Rehabilitation centers are staffed with highly trained, compassionate healthcare professionals that have personally studied and worked in the field of addiction. An inpatient rehabilitation center is a community, and staff often establishes meaningful connections with patients as they strive to use their expertise to help patients get better. You might wonder what types of healthcare professionals work at rehabilitation centers in Florida.
Your healthcare workers come from a variety of different backgrounds, and each professional has their place in the rehab setting. Some professionals are there to keep order, while others deal with the complex issues of substance abuse, talking privately with clients and coming up with a patient plan. If you’re interested in what healthcare professionals work in Florida rehabs, just read on.
Therapists, Peer Support, and Nurses
Psychiatrists are medical doctors specially trained to deal with the co-existing mental disorders that some people in addiction have. They talk privately with clients, diagnose as well as treat substance abuse, and form patient’s plan on the psychiatric front. Regular counselors, who aren’t medical doctors but are trained in substance abuse disorders, will always meet with clients regularly in some rehabs, and they’ll discuss the issues of addiction that are bothering clients or that clients need to work on. Some rehab centers also have nurses who can administer anti-addiction medications that ease withdrawal.
Peer support specialists sometimes visit rehabs or work in rehabs as well. These employees have recovered addicts themselves, with a substantial amount of clean time behind them. They can lead to group meetings or structured meetings that deal with the many issues of substance abuse. Licensed clinical social workers are sometimes employed by rehabs to help clients deal with issues in their private lives. These social workers are great at planning aftercare plans on how to re-enter the community after a stay in rehab.
Holistic and Other Professionals
Nutrition is one of the areas that is greatly affected by addiction. Some drug rehab centers may employ nutritionists or holistic specialists who deal in a different part of the healthcare field. Acupuncture and yoga experts have also served in some rehabs in order to help clients learn for other ways to deal with their problems in newfound sobriety. While none of these types of specialists will have a medical degree, they have their own corner of the healthcare field and might do enormous good for some clients. A good yoga session has helped many a person deal with the stressors of life, and many clients discover that this is yet another tool to add to their toolbox. Nutritionists plan meals and help clients get better physically day by day.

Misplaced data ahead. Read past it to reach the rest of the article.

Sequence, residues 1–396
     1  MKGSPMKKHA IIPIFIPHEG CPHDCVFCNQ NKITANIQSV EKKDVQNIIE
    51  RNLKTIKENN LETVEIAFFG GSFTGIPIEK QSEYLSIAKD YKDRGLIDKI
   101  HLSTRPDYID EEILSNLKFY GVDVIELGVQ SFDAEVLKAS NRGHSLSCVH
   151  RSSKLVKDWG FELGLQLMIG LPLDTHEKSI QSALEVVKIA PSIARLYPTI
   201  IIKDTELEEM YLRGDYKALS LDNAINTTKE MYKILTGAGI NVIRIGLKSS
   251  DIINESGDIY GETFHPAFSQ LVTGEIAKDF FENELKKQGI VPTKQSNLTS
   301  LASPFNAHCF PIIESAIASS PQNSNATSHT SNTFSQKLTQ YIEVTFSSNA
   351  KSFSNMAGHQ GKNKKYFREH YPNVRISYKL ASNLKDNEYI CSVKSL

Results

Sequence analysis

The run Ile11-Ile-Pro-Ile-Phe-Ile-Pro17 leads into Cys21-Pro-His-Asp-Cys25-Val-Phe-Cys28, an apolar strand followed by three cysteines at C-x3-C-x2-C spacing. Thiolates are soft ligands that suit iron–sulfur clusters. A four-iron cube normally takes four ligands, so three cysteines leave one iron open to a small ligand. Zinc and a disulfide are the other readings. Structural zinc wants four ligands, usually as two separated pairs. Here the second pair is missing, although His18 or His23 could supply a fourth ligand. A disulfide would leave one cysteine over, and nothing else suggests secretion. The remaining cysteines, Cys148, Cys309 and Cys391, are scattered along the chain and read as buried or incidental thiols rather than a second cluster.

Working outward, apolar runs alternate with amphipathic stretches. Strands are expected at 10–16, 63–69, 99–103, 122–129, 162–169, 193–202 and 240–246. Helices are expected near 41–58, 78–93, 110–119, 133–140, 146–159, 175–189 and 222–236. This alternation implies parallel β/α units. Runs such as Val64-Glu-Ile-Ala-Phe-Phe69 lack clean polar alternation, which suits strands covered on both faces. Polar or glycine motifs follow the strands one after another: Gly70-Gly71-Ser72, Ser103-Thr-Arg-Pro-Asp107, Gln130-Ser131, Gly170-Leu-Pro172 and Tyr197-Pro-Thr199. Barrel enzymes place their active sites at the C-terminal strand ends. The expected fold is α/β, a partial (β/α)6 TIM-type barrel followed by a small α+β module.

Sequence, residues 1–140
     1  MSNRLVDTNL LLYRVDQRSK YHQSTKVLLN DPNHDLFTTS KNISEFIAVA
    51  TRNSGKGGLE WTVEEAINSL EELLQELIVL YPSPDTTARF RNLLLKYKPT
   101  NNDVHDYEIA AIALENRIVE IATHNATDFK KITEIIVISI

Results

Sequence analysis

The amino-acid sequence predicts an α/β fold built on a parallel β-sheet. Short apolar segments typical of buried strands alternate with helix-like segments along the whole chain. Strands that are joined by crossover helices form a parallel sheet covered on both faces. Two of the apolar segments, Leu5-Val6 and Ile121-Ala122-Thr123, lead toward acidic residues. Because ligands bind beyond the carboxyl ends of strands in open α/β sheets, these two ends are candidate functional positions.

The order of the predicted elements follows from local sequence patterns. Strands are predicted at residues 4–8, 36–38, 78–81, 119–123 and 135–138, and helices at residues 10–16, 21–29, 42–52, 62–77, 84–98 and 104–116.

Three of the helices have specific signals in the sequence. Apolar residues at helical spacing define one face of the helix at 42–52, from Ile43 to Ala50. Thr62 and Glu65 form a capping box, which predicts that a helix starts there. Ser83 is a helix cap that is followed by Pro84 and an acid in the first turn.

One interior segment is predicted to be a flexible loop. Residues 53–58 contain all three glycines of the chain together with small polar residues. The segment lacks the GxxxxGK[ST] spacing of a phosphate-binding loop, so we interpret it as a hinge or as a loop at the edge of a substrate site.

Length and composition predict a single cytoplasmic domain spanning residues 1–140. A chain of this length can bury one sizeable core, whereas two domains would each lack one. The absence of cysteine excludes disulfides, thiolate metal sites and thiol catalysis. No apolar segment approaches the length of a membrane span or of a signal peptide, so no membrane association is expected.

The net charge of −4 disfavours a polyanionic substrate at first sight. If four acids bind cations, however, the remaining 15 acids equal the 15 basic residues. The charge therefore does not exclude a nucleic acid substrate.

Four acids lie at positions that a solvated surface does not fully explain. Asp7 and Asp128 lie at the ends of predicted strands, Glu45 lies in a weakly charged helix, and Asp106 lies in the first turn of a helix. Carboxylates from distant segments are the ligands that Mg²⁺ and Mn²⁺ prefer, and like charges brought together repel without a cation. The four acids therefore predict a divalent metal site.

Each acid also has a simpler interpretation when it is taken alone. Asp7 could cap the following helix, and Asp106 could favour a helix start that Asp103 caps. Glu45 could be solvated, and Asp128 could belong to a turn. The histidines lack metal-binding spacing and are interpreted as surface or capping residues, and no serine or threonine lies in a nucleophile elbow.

Each branch of the rehab facility is one component of a total recovery plan, and clients will benefit from some, but not always all, methods of therapy. Some people will get more out of individual counseling, while others find inspiration from group meetings led by a peer support specialist that has a unique story to tell about how they conquered addiction. While not every single method of treatment will work for everyone, by having so many healthcare professionals in one setting, addicts have their best chance to get better from their addiction.
A Multifaceted Approach
As scientists and doctors have learned more about the physical and psychological impact of addiction, rehab centers have brought in more types of healthcare professionals to help clients cope with early detox and ongoing sobriety, including aftercare plans that are devised before a patient leaves the rehab. The team carefully coordinates together and devises real-life solutions that will be catered to each individual client.
Detox and long-term rehab facilities need the help of an entire team of healthcare professionals to give their patients a multifaceted avenue of getting well. Some healthcare professionals like nurses provide both medical help and compassionate care, while others, like psychiatrists, help patients address complex psychological aspects of abuse that might hinder recovery. Patients themselves form a strong support group as well, sharing with each other in group meetings and benefiting from being around people who understand the unique experiences that come with addiction. Your healthcare team is there to help during each stage of recovery, from the detox period that entails physical withdrawal to the end of your treatment when you formulate a rehab prevention plan with a healthcare provider.